Thursday, August 18, 2011

"Il no va esta f*ckin' picnico"

My dissertation chair is fond of saying "Ideology is externalized in food." And while I don't practice what cultural critics call food studies, my research of Romantic-era agricultural writing overlaps with some of it.

For example, Andrew Hubbell published an essay in 1996 called "How Wordsworth Invented Picnicking and Saved British Culture." He argues that the Romantics perceived eating outside as a radical symbol for transgression against food commodification.

I chewed on that idea for awhile. While sitting in a Moroccan restaurant in Oakland one night, I was asked to explain my early writing and was hit with the familiar accusation, "There's no food in Wordsworth!" Before I could think to talk about the difference between food production and food consumption, I drunkenly announced, "Wordsworth invented the picnic!!"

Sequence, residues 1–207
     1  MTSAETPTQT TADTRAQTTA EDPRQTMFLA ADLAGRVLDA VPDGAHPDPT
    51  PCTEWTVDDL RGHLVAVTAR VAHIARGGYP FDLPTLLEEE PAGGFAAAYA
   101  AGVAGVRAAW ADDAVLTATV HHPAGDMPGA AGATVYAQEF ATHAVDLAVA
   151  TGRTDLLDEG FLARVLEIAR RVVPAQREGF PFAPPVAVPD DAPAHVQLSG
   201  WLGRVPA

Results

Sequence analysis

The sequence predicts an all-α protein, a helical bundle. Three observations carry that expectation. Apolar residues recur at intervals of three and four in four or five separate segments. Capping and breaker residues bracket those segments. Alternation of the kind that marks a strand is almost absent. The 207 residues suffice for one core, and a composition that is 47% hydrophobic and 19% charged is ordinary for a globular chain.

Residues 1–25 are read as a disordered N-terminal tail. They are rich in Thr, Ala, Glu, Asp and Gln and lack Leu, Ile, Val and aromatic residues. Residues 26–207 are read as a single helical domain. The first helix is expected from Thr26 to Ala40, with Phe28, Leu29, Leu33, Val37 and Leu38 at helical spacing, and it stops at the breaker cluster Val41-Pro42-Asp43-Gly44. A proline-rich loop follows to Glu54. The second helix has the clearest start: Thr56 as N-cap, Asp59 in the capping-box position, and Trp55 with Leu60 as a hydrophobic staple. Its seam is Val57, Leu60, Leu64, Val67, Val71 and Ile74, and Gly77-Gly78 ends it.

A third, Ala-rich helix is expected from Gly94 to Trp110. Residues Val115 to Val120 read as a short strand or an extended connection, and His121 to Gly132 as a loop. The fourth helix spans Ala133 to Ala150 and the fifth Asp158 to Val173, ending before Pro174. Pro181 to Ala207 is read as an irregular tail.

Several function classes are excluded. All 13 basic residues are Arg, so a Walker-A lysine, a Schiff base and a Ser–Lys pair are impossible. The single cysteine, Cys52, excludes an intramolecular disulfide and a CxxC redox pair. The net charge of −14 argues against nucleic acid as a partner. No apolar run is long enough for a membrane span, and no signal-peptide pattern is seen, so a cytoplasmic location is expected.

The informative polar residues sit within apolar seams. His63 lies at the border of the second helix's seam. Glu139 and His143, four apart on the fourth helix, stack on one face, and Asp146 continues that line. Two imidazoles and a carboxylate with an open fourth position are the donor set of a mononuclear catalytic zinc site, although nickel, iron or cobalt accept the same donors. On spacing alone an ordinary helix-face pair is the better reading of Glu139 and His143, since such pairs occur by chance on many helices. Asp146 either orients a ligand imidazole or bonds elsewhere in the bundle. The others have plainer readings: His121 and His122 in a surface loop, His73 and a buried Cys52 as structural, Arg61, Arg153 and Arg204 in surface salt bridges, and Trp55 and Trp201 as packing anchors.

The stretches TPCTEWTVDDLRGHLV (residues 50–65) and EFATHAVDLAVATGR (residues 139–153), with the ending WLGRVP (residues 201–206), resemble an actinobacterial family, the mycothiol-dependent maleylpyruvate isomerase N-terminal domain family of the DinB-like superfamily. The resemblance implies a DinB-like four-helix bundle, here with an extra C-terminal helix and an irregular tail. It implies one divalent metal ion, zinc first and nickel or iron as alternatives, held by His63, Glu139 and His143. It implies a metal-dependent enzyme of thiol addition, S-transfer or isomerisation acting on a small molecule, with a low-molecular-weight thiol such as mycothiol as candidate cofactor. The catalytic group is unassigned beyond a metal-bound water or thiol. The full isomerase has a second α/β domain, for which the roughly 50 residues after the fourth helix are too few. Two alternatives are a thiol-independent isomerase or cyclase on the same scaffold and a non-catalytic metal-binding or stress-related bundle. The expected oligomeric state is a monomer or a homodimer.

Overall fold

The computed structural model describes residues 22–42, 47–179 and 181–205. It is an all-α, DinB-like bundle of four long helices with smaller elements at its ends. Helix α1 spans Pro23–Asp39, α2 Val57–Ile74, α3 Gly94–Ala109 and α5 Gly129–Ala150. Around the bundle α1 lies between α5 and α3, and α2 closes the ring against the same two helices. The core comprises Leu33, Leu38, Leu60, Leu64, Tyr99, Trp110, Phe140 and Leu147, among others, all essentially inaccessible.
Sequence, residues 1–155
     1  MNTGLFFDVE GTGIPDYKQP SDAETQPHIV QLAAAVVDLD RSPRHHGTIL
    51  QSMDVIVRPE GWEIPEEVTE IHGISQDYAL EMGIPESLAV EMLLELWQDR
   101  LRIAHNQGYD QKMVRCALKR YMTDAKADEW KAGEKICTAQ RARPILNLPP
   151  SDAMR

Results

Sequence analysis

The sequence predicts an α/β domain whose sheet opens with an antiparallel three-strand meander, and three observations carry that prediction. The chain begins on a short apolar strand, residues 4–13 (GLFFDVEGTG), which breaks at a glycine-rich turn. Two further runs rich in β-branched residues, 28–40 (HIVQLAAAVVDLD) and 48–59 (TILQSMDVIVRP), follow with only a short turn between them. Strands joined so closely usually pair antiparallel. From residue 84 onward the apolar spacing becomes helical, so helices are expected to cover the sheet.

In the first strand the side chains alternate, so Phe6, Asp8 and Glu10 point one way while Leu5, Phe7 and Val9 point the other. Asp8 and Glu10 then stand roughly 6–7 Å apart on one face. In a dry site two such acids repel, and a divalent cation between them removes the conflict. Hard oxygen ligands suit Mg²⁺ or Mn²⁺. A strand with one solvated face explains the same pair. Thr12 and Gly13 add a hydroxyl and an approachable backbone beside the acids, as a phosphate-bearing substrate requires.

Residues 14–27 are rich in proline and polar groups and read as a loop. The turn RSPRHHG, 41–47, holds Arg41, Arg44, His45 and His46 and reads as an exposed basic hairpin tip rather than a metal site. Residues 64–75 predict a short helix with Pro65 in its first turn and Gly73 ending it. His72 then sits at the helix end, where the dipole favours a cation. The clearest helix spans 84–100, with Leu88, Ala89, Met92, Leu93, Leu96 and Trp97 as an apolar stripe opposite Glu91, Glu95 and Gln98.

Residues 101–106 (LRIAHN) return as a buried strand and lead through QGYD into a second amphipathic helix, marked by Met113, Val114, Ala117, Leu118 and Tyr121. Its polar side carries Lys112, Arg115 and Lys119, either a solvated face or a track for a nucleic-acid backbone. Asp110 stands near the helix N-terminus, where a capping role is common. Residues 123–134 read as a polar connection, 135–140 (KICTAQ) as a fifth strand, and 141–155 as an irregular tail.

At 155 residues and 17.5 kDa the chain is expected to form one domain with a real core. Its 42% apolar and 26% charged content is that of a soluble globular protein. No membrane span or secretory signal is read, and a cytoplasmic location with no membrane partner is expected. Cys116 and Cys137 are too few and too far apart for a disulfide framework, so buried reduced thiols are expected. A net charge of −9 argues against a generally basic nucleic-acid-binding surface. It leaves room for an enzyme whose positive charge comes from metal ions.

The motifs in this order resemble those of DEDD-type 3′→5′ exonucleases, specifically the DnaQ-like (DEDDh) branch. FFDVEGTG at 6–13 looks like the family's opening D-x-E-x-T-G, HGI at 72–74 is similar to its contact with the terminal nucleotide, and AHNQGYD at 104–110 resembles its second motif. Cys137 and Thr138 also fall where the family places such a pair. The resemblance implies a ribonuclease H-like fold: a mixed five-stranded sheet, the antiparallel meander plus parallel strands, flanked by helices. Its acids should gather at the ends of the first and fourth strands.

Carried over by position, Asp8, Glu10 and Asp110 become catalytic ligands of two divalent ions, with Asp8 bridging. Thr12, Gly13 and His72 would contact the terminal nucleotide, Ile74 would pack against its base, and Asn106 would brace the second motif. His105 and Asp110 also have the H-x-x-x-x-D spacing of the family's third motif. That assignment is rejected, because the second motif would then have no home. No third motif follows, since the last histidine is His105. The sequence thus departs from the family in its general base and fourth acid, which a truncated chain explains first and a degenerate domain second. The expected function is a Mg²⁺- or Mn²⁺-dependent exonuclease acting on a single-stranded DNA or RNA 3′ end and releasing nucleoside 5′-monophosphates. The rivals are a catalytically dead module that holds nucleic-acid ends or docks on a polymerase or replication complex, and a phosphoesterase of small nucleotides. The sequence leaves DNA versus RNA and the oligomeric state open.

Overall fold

Gin, Maes, and K-Ro have never, ever let me forget it. And since these are clever, pretty women, I endure their teasing rather than smacking them in the nose.

I met a important, self-imposed deadline yesterday: a big chunk of my archive chapter is floating around in space, waiting for my Chair to bite into it. But rather than capitalizing on all that great momentum, I've spent most of today procrastinating and wallowing. I have a massive database of notes on agricultural writing, all of it sorted into searchable terms and sortable fields. In some disciplines, this would serve as a thesis unto its own, but in literary studies, I have to shape all that primary data into a cogent narrative. I've re-outlined the remaining sections five times today, but they just won't congeal into a logical and syllogistic argument. It's pissing me off. There are lots of ideas on the page, but there's no structure, which is not my ideal situation.

Then I remembered a great metaphorical usage of the word "picnic" from my favorite film. I hadn't thought about this scene in a long time, but after watching this clip, I wrote a few paragraphs about the madness of post-modernity's desecration of the individual.

Yes, Jack, I DO think I'm being punished for my sins. Sometimes.

But forgiveness is hard to find.

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